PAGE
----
"You issue goggles with those things?"
"Now just a minute."
Meyers, sensing rising indignation from the backseat, backed off. "The rods had an o in them, I know that," he said. "Might have been Loomis, at that."
Perk offered a bottle of rum to any of us who shattered one of his rods on a fish. It was a safer proposal than he knew, even if rum had been $4,000 a bottle instead of the $4 the local stuff sold for.
The next morning at 7:30 sharp, brimming with confidence, we boarded two charter boats, Huntress and Flyfisher, open-cockpit craft about 27 feet long, and headed out to sea. Neither of the captains or the mates spoke English, so Perk, going native, introduced himself as Pablo. Pete, feeling as if he were back home in Santa Barbara, comfortably introduced himself as Pedro. I spoke no Spanish, so my compadres introduced me as Gordo Blanco, which, I later discovered, meant "fat white."
Accompanied by what appeared to be the entire Quepos fleet, we proceeded 20 miles out to sea—an hour's jaunt—at which point the captain slowed to six knots. The mate put the mullet baits in the water. All eyes were directed behind the boat to a nondescript stretch of ocean with nothing to recommend it other than the six fishing boats beside us. Fifteen minutes later the captain cried out from the bridge, "¡Pez vela!"
A sailfish had risen to the surface and was slapping at one of our baits, just 25 yards away. The fish was sort of swerving in the smooth wake of the boat. But when the mate grabbed the rod and tried to tease the fish closer, it disappeared as suddenly as it had come. Still, what a sight, that great sail sticking out of the water, dark blue against the emerald sea. It got everyone's heart racing.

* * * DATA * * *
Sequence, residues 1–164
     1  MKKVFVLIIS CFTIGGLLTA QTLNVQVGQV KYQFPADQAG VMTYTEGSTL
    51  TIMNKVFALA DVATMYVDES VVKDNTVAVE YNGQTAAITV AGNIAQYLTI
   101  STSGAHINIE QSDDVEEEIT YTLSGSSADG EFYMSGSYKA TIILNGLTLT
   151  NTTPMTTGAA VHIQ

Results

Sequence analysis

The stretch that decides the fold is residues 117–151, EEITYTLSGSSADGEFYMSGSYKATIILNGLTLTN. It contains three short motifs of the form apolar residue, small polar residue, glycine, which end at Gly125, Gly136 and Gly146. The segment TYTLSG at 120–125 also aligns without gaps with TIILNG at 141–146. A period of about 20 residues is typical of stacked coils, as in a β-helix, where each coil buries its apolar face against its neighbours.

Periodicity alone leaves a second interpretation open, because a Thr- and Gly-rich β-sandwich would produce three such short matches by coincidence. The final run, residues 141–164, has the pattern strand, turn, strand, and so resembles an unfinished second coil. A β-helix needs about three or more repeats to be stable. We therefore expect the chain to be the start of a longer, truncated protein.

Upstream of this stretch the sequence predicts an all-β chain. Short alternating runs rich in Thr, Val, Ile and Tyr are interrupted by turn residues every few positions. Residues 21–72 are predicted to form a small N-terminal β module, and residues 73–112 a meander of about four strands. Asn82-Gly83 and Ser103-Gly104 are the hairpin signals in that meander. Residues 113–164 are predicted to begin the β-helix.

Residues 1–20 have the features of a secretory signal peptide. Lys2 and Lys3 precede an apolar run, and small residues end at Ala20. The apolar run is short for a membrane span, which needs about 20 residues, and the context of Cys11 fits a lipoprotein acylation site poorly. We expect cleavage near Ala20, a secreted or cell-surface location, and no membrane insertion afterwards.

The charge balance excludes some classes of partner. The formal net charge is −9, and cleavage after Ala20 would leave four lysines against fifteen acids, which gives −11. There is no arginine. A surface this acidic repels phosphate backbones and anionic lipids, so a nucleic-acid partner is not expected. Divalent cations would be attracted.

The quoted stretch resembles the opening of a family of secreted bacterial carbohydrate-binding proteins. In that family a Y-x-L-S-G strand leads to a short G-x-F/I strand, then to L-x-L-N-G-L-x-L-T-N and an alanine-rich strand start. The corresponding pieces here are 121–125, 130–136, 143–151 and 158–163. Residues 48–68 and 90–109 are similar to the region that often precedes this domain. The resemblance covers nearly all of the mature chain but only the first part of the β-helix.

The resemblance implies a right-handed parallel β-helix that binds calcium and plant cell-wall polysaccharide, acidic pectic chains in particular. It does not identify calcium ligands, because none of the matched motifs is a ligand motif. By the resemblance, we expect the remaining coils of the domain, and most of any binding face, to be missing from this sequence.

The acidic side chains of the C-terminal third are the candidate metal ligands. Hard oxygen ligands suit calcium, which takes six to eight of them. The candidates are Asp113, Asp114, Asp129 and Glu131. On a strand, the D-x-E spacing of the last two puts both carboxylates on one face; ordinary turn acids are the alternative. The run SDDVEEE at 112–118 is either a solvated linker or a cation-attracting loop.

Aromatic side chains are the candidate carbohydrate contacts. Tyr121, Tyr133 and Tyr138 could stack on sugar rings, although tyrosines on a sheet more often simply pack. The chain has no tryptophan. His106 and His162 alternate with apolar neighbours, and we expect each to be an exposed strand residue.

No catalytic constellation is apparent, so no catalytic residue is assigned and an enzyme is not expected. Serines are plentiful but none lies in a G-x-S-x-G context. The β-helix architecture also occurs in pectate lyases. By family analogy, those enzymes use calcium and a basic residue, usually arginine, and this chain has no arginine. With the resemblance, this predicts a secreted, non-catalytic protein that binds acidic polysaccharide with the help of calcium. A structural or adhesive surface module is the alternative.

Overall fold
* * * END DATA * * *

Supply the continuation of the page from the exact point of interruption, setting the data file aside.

As did the next one. And the next. By 10 a.m. three sailfish had risen to our bait, but none had followed the tease. If we had been fishing conventionally, with hooks in the mullets, we would have had three strikes. We had also seen a dozen other sailfish tailwalking crazily across the ocean's surface, each jumping 10, 11, 12 times consecutively for no reason we could discern. Our efforts at communication with the captain and mate divulged only that sea lice were somehow involved. A more likely explanation, we later learned, was that the aerial displays were some sort of mating ritual. One phrase the mate kept repeating that did have the ring of truth was, No tienen hambre. They're not hungry.
At 11 a.m. we came to a stop—a dead stop. Flyfisher's engine was leaking oil. A half hour later the word came that Flyfisher was being towed back into port. We were invited to join Meyers and Eppridge aboard Huntress. "This is not a good sign," Meyers said, reluctant to let us aboard. "This is not a good portent. One of you guys is an albatross."
Pablo and Pedro, united in their mastery of pidgin Spanish, pointed to me. "Gordo Blanco," they said.